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Bratton traveling to Mideast to discuss terrorism, other topics

New York Police Police Commissioner William Bratton speaks

New York Police Police Commissioner William Bratton speaks to the media at Queens College on Jan. 9, 2014. Credit: Anthony Lanzilote

NYPD Commissioner William Bratton is slated to fly as early as next week to the Middle East, with a key stop in Israel, as part of a broad fact-finding trip on which he plans to talk with officials about a wide range of issues, including terrorism, a department spokesman said Thursday.

Since he took over the NYPD on Jan. 1, Bratton has made no secret of his plan to create strong alliances with police agencies abroad and in the United States as a way of sharing ideas and information, and the Mideast trip can be viewed as part of that goal, spokesman Stephen Davis indicated in an interview.

Bratton has specifically noted that British police are beginning to have issues over stop-and-frisk, while the Los Angeles police, which he led from 2002 to 2009, are further along in experimenting with predictive policing. The latter is the use of mathematical models to help police anticipate where crimes will occur and who may commit them.

Bratton's trip abroad comes at a time when the department is in the midst of an intense "re-engineering review" in which experts and consultants are gathering information from middle-level managers and field commanders to find out how the NYPD should do things, and what changes, if any, should be made in the way police units work, Davis said.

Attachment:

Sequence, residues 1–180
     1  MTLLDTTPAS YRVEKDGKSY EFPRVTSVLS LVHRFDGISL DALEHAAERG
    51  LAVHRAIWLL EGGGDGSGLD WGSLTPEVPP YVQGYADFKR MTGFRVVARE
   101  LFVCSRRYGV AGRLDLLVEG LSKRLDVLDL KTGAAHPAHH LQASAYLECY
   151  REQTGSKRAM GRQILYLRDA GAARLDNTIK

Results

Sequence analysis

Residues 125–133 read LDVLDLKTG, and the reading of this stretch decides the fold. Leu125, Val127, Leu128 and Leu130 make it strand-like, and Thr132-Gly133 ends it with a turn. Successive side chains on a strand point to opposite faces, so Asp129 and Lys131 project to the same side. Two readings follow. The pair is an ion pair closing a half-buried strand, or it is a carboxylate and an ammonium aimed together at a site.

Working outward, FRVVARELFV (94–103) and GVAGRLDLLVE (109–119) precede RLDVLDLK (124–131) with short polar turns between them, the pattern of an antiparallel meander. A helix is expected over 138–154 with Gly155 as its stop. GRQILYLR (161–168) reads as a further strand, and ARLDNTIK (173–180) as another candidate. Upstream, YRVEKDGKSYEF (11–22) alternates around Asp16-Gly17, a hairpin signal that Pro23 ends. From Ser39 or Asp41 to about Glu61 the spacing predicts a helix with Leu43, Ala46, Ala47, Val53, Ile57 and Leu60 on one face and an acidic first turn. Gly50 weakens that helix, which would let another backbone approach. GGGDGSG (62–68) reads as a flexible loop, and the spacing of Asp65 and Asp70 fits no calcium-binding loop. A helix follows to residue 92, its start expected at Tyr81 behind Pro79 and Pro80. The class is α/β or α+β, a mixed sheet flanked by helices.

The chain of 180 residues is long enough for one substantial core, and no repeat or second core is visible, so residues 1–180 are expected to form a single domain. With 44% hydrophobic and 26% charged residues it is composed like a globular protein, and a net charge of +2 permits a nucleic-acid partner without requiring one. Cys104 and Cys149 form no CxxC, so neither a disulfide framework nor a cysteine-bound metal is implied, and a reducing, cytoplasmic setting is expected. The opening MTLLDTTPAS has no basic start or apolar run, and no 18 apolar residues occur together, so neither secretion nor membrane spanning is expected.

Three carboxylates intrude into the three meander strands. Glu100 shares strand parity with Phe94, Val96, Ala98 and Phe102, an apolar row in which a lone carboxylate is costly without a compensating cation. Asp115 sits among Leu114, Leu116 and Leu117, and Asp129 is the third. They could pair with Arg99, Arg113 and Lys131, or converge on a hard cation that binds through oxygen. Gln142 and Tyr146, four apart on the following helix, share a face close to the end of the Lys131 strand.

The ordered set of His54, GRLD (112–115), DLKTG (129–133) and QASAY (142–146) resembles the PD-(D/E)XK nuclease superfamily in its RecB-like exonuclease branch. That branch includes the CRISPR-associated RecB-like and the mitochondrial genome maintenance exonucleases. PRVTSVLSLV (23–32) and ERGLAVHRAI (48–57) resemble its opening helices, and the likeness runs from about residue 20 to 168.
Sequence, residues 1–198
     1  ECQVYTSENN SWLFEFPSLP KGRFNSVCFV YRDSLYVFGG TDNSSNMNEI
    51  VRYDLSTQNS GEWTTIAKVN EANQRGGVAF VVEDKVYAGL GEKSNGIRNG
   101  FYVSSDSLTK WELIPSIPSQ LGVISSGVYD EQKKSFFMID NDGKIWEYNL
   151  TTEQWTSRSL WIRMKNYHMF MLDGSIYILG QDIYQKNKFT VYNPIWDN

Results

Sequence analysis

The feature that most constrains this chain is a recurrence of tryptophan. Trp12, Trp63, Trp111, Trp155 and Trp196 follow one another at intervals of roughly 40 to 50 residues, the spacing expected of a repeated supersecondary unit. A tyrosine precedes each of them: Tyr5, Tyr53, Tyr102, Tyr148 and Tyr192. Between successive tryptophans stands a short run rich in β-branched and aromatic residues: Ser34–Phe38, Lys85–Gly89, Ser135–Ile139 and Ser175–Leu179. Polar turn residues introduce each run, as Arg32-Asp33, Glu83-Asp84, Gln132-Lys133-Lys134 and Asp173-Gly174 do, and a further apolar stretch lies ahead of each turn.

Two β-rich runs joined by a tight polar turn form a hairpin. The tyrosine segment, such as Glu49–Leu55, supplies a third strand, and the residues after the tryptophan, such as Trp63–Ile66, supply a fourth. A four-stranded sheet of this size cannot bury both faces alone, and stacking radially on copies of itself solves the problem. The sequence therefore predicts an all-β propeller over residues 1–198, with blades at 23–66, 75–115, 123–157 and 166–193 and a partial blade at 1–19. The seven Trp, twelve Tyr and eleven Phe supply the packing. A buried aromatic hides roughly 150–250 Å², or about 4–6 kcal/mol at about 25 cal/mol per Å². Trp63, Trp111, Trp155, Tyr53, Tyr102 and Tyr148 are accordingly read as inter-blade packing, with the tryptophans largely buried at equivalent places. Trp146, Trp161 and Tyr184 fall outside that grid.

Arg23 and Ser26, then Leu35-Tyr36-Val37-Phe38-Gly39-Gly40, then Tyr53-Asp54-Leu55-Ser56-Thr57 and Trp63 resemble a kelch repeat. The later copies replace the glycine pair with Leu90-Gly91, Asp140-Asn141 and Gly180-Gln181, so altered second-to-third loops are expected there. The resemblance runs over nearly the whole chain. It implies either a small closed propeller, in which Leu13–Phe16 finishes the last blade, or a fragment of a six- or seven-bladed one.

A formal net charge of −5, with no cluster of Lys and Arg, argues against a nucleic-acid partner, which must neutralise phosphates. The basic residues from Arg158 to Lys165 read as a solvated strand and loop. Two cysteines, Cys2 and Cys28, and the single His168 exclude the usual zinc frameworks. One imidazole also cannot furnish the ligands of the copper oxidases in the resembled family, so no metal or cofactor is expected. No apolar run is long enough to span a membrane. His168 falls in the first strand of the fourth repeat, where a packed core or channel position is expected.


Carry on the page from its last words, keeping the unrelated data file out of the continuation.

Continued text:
"We want input from the people that do it," Davis said of the review process, which is expected to go on for at least two months.

Under Bratton's predecessor, Ray Kelly, in the years following 9/11 the NYPD assigned several officers abroad as intelligence liaisons to 11 cities, including Tel Aviv and Amman, Jordan. The New York City Police Foundation has provided money for travel, lodging and office expenses incurred by the liaisons.

The liaison program has been criticized by some as being ineffective. But during his time as commissioner, Kelly defended the concept, noting that liaisons helped provide information back to New York in the critical hours after the 2008 terror attack in Mumbai, India. Bratton said earlier in the year that he would review the liaison program as part of his overall assessment of the department's programs.

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